According to an excellently reported article by Susan Brinkmann for the Philadelphia Daily Bulletin, Dr. Diane Harper, the lead researcher during clinical trials of two human papiloma vaccines, Gardasil and Cervarix, dropped a bombshell (or perhaps multiple bombshells) at the 4th International Public Conference on Vaccination.Â Dr. Harper said the drugs will do little to reduce cervical cancer (even though Merck, the maker of Gardasil, has spent millions on an ad campaign designed to convince people the drug will prevent cervical cancer).
(Forgive this blog post’s extensive quotations from the article, but there was much I simply didn’t want to leave out, and couldn’t improve upon.Â Also forgive my addition of bold type in several places.Â As the father of three girls, and the grandfather of a 5-year-old girl, I don’t feel you can overemphasize the risks of the vaccine and the lack of any real benefit to young girls. MJE).
Dr. Harper, director of the Gynecologic Cancer Prevention Research Group at the University of Missouri, made her remarks during an address at the 4th International Public Conference on Vaccination.Â Although Dr. Harper’s talk was intended to help promote the vaccine, participants said they came away convinced the vaccine should not be received.
â€œI came away from the talk with the perception that the risk of adverse side effects is so much greater than the risk of cervical cancer, I couldnâ€™t help but question why we need the vaccine at all,â€ said Joan Robinson, Assistant Editor at the Population Research Institute.Â After hearing Dr. Harper sayÂ that â€œfour out of five women with cervical cancer are in developing countries.â€Â Ms. Robinson said she could not help but wonder, â€œIf this is the case, then why vaccinate at all? But from the murmurs of the doctors in the audience, it was apparent that the same thought was occurring to them.â€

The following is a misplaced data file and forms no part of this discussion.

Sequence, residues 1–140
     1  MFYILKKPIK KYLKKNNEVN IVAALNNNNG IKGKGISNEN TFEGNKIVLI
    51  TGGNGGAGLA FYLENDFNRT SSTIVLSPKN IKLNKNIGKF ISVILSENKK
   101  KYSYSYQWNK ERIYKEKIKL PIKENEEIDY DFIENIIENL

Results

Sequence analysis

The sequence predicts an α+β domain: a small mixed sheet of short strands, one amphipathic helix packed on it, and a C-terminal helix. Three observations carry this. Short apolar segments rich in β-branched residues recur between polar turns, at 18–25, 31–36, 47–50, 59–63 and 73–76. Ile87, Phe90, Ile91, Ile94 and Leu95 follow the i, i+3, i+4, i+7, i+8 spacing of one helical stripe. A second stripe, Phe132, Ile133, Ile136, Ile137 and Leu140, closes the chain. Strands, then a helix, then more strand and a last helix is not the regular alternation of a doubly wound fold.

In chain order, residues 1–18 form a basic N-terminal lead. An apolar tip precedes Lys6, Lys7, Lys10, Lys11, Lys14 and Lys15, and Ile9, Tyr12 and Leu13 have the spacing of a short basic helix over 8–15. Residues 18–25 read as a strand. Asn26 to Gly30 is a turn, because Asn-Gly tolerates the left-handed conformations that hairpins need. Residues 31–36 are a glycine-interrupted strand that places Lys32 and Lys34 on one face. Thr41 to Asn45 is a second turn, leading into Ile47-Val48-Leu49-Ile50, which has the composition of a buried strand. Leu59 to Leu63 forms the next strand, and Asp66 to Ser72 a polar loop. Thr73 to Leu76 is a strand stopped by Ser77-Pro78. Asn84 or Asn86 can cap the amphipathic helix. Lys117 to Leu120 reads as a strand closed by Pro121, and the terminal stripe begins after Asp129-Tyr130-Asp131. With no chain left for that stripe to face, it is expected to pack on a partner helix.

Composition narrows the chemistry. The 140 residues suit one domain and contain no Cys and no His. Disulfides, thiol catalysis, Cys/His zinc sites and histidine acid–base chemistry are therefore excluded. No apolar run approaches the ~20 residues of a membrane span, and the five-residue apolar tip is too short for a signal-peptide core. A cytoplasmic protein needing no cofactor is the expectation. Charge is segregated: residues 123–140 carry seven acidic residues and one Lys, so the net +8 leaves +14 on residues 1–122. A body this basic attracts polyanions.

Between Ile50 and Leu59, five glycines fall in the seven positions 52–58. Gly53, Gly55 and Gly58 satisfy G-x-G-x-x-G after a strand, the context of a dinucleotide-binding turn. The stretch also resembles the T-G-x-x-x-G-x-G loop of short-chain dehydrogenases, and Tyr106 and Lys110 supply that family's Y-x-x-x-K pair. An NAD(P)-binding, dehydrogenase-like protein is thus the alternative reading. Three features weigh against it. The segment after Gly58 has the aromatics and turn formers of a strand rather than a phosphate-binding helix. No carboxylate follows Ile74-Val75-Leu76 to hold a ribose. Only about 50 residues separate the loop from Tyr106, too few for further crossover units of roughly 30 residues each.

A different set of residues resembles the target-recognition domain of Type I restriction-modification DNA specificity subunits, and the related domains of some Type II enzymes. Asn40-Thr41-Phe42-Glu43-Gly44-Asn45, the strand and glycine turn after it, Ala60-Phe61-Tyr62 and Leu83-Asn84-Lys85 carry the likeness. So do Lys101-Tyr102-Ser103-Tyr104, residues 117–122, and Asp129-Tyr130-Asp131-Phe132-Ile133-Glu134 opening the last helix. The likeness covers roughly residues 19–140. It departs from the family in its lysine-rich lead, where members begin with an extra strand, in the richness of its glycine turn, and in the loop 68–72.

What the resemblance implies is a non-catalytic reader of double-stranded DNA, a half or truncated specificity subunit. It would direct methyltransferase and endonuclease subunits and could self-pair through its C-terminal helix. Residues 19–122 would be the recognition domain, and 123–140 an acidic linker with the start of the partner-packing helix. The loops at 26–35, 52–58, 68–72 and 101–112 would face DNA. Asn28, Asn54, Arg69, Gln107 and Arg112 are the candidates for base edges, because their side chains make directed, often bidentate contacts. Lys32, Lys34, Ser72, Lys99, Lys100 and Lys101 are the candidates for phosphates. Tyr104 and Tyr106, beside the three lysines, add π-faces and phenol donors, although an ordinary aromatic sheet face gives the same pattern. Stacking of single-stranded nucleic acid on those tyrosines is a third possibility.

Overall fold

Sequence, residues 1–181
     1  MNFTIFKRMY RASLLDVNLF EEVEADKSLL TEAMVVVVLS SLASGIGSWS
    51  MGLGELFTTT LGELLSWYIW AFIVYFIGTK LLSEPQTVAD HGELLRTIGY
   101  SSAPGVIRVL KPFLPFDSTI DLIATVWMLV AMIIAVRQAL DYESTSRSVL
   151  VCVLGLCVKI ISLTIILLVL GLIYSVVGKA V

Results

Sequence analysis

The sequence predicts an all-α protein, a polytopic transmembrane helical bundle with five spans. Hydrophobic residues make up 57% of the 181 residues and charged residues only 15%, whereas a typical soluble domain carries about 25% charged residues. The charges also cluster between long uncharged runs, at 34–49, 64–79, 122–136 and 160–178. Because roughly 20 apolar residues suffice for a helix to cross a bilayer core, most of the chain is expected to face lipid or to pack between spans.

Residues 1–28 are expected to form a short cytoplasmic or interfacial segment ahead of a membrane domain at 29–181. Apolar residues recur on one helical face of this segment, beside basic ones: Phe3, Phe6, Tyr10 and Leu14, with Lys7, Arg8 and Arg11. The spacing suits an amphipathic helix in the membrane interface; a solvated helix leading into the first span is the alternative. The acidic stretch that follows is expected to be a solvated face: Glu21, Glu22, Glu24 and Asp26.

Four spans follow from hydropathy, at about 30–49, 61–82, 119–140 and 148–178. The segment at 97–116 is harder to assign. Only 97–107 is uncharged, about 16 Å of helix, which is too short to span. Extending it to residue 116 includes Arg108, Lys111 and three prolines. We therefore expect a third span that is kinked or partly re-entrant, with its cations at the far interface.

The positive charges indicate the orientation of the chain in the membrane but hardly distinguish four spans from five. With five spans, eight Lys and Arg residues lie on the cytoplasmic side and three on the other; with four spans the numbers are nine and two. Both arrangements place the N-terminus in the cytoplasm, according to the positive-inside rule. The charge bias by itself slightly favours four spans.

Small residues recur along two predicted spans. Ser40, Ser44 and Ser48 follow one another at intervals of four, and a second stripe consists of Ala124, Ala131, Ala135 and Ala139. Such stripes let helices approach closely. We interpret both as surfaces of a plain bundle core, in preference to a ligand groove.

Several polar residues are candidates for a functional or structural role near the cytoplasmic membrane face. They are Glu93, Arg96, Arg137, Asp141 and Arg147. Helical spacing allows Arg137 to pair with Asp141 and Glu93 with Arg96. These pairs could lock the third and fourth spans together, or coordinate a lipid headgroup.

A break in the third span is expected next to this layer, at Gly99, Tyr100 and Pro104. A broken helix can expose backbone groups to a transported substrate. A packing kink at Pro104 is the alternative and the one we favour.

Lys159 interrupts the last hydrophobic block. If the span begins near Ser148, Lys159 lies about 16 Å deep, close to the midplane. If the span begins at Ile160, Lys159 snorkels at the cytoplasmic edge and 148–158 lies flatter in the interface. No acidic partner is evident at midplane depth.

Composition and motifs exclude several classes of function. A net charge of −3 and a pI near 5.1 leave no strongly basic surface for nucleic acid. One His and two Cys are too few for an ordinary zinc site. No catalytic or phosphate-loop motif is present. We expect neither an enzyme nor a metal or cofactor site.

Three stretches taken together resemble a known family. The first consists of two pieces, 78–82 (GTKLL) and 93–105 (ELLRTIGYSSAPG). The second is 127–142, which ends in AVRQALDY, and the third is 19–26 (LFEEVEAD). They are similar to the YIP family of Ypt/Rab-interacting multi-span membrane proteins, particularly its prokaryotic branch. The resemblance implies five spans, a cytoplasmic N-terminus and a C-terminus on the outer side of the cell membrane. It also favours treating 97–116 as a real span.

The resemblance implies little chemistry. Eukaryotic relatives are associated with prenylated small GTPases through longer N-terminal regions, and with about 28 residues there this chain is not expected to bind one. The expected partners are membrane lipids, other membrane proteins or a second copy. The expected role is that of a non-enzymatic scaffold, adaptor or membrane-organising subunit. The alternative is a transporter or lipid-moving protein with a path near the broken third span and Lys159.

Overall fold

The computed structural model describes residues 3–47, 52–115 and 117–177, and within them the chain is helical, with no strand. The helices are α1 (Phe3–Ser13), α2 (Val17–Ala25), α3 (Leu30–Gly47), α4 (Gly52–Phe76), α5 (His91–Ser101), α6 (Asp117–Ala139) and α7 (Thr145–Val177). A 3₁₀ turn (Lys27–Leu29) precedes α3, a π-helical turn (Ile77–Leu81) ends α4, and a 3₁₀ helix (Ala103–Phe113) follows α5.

During her remarks, Dr. Harper revealed:
* 70 percent of all HPV infections resolve themselves without treatment within a year. Within two years, the number climbs to 90 percent. Of the remaining 10 percent of HPV infections, only half will develop into cervical cancer, which leaves little need for the vaccine;
* the incidence of cervical cancer in the U.S. is already so low that â€œeven if we get the vaccine and continue PAP screening, we will not lower the rate of cervical cancer in the US.â€
* there will be no decrease in cervical cancer until at least 70 percent of the population is vaccinated, and even then, the decrease will be minimal;
* four out of five women with cervical cancer are in developing countries;
* there have been no efficacy trials in girls under 15 years of age;
* Merck, the manufacturer of Gardasil, studied only a small group of girls under 16 who had been vaccinated, but did not follow them long enough to conclude sufficient presence of effective HPV antibodies;
* giving the vaccine to girls as young as 11 years-old â€œis a great big public healthÂ Â Â experiment.” Dr. Harper first made the statement in a 2007 interview with KPCNews.com, which was at the height of Merckâ€™s controversial drive to have the vaccine mandated in schools. Dr. Harper remained steadfastly opposed to the idea and said she had been trying for months to convince major television and print media about her concerns, â€œbut no one will print it.â€ â€œIt is silly to mandate vaccination of 11 to 12 year old girls,â€ she said at the time. [Remember, this statement was made when Merck was pushing states to make the vaccination mandatory for school children. MJE] â€œThere also is not enough evidence gathered on side effects to know that safety is not an issue.”